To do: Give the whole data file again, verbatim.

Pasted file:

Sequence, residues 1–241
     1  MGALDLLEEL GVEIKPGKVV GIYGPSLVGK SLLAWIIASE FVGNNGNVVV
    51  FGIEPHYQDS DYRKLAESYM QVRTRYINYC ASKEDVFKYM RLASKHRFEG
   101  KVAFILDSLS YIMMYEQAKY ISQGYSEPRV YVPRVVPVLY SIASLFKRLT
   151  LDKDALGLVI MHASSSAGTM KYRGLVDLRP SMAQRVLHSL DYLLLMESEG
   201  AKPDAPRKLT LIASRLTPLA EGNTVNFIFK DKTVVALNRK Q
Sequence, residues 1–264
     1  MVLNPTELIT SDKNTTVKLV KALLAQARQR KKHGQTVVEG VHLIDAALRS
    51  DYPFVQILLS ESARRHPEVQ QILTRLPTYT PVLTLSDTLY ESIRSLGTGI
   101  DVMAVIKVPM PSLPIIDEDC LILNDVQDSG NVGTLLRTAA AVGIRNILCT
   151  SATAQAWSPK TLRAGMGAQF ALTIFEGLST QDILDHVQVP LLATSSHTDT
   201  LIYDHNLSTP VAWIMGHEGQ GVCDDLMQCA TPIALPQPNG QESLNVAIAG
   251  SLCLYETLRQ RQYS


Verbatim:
Sequence, residues 1–241
     1  MGALDLLEEL GVEIKPGKVV GIYGPSLVGK SLLAWIIASE FVGNNGNVVV
    51  FGIEPHYQDS DYRKLAESYM QVRTRYINYC ASKEDVFKYM RLASKHRFEG
   101  KVAFILDSLS YIMMYEQAKY ISQGYSEPRV YVPRVVPVLY SIASLFKRLT
   151  LDKDALGLVI MHASSSAGTM KYRGLVDLRP SMAQRVLHSL DYLLLMESEG
   201  AKPDAPRKLT LIASRLTPLA EGNTVNFIFK DKTVVALNRK Q
Sequence, residues 1–264
     1  MVLNPTELIT SDKNTTVKLV KALLAQARQR KKHGQTVVEG VHLIDAALRS
    51  DYPFVQILLS ESARRHPEVQ QILTRLPTYT PVLTLSDTLY ESIRSLGTGI
   101  DVMAVIKVPM PSLPIIDEDC LILNDVQDSG NVGTLLRTAA AVGIRNILCT
   151  SATAQAWSPK TLRAGMGAQF ALTIFEGLST QDILDHVQVP LLATSSHTDT
   201  LIYDHNLSTP VAWIMGHEGQ GVCDDLMQCA TPIALPQPNG QESLNVAIAG
   251  SLCLYETLRQ RQYS